Question Answering over Knowledge Graphs via Structural Query Patterns

10/22/2019 ∙ by Weiguo Zheng, et al. ∙ 0

Natural language question answering over knowledge graphs is an important and interesting task as it enables common users to gain accurate answers in an easy and intuitive manner. However, it remains a challenge to bridge the gap between unstructured questions and structured knowledge graphs. To address the problem, a natural discipline is building a structured query to represent the input question. Searching the structured query over the knowledge graph can produce answers to the question. Distinct from the existing methods that are based on semantic parsing or templates, we propose an effective approach powered by a novel notion, structural query pattern, in this paper. Given an input question, we first generate its query sketch that is compatible with the underlying structure of the knowledge graph. Then, we complete the query graph by labeling the nodes and edges under the guidance of the structural query pattern. Finally, answers can be retrieved by executing the constructed query graph over the knowledge graph. Evaluations on three question answering benchmarks show that our proposed approach outperforms state-of-the-art methods significantly.

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1 Introduction

Querying knowledge graphs like DBpedia, Freebase, and Yago through natural language questions has received increasing attentions these years. In order to bridge the gap between unstructured questions and the structured knowledge graph , a widely used discipline is building a structured query graph to represent the input question such that can be executed on to retrieve answers to the question [4, 29, 10]. To the end, there are two streams of researches, i.e., semantic parsing based methods and template based methods, both of which suffer from several problems as discussed next.

Semantic parsing based methods. The aim of semantic parsing is translating the natural language utterances into machine-executable logical forms or programs [9]. For example, the phrase “director of Philadelphia” may be parsed as , where Director, DirectedBy, and are grounded predicates and entities in the specific knowledge graph. Traditional semantic parsers [27, 24, 13] require a lot of annotated training examples in the form of syntactic structures or logical forms, which is especially expensive to collect for large-scale knowledge graphs. Another problem is the mismatch between the generated logic forms and structures (including entities and predicates) that are specified in knowledge graphs [12, 5, 16]. In order to solve the problems above, several efforts have been devoted to lifting these limitations [26, 3]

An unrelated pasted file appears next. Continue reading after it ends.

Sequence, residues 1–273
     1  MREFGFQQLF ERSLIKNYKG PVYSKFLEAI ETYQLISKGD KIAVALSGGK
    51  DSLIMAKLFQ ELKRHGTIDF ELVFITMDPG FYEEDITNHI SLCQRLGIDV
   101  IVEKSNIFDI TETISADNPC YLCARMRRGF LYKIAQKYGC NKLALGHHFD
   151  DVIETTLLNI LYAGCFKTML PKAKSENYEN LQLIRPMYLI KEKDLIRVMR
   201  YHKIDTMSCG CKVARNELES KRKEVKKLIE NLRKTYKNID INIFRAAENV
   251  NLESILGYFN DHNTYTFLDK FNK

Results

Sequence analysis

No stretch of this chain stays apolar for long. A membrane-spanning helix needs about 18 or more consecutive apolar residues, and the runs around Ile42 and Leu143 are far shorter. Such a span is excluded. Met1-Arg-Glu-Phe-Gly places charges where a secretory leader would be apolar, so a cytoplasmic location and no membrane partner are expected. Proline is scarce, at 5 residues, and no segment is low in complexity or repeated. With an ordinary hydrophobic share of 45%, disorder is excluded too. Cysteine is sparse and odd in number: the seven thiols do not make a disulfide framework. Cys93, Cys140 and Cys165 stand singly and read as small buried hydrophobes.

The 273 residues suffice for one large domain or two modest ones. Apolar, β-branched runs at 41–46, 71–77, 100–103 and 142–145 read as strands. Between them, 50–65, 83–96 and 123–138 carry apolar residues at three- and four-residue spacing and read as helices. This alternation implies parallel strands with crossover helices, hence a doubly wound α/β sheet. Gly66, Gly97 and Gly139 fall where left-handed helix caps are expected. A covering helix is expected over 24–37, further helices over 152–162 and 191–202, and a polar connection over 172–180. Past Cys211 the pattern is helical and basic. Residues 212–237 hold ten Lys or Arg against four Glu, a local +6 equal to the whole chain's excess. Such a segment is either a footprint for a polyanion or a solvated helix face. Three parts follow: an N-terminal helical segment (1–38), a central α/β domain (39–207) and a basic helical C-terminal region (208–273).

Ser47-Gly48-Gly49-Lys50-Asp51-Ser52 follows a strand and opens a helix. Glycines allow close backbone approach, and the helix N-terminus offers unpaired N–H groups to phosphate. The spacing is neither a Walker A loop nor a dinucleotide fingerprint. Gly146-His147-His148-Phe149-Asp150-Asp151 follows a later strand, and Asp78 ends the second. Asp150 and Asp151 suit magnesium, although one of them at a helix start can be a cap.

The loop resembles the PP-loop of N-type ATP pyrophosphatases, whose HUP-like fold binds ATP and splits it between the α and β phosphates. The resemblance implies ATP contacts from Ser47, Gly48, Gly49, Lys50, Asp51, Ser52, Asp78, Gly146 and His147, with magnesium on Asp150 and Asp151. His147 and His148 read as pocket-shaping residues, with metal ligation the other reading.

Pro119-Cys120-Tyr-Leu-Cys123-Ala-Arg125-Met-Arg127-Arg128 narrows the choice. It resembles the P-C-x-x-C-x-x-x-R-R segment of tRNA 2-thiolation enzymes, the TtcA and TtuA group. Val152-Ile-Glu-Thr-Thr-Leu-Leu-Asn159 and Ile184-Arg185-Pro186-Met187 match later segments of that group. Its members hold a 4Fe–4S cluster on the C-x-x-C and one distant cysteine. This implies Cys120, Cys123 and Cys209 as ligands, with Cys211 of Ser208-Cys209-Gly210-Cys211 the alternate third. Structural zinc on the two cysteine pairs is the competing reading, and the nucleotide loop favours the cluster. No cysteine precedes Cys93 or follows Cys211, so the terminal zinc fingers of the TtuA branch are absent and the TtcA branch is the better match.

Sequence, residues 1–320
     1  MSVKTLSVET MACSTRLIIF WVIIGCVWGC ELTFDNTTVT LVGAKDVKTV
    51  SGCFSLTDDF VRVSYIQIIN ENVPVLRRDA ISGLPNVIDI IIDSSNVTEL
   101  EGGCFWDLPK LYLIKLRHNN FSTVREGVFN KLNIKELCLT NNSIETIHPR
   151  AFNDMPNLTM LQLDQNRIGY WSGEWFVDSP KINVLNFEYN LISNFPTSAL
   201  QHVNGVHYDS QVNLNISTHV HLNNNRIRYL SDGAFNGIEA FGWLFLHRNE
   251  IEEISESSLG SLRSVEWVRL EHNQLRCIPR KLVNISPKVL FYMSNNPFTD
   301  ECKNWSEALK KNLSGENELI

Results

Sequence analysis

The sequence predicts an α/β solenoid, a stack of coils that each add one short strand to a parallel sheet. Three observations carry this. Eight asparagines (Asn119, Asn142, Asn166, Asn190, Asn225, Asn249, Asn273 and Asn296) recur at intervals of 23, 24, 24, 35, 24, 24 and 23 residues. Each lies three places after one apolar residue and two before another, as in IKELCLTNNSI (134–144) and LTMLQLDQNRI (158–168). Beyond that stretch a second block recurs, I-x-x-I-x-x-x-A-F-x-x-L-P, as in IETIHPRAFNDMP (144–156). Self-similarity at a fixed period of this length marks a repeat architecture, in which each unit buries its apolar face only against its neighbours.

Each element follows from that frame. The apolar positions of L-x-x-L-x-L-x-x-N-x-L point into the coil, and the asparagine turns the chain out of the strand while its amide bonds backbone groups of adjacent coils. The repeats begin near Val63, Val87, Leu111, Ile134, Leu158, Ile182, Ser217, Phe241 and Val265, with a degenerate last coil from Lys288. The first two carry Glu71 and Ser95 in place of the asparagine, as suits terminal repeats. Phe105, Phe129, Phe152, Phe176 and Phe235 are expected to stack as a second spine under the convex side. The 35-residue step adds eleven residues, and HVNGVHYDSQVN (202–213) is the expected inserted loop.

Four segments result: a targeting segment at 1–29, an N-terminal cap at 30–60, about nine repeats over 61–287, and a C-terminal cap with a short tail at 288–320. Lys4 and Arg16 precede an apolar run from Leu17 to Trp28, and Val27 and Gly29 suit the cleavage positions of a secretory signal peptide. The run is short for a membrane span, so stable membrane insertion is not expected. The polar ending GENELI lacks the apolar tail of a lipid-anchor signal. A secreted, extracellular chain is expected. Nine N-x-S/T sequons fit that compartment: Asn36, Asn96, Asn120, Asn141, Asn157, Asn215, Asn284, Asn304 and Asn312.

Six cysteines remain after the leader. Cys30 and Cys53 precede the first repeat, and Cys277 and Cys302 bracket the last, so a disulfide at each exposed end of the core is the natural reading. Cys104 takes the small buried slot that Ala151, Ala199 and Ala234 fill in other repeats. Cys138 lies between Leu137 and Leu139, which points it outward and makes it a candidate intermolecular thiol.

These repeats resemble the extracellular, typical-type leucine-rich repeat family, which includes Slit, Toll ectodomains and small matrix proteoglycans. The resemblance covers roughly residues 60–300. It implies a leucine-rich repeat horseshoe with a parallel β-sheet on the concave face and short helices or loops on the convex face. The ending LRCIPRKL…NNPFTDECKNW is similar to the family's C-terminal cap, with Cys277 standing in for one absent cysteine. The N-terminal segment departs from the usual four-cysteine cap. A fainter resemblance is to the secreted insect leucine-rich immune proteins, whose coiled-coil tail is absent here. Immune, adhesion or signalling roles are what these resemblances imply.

. They leverage the knowledge graph in an early stage by applying deep convolutional neural network models to match questions and predicate sequences. It is required to identify the topic entity

and a core inferential chain that is a directed path from to the answer. Then the final executable query is iteratively constructed based on the detected chain. However, it is hard to pick out the correct inferential chains (35% of the errors are caused by the incorrect inferential chains in STAGG [26]). Moreover, it is unreasonable to restrain the chain as a directed path since it may be a general path regardless of the direction in many cases. For instance, Figure 1 presents the query graphs for two questions “: Who is starring in Spanish movies produced by Benicio del Toro?” and “: Which artists were born on the same date as Rachel Stevens?” targeting DBpedia, neither of which contains directed paths. In addition, the search space is uncertain and difficult to determine when to terminate.

(a) Query graph for
(b) Query graph for
Figure 1: Query graphs for questions and

Instead of training semantic parsers, several methods that are built upon the existing dependency parses have been proposed [30, 17]. They try to generate the query graphs according to the dependency parsing results and pre-defined rules. Clearly, it is extremely difficult to enumerate all the rules and eliminate conflicts among the rules.

Template-based methods. A bunch of researches focus on using templates to construct query graphs [20, 8, 1, 28], where a template consists of two parts: the natural language pattern and SPARQL query pattern. The two kinds of patterns are linked through the mappings between their slots. In the offline phase, the templates are manually or automatically constructed. In the online phase, it tries to retrieve the template that maps the input question. Then the template is instantiated by filling the slots with entities identified from the question. The generated query graph is likely to be correct if the truly matched template is picked out. Nevertheless, the coverage of the templates may be limited due to the variability of natural language and a large number of triples in a knowledge graph, which will lead to the problem that many questions cannot be answered correctly. Furthermore, automatically constructing and managing large-scale high-quality templates for complex questions remain open problems.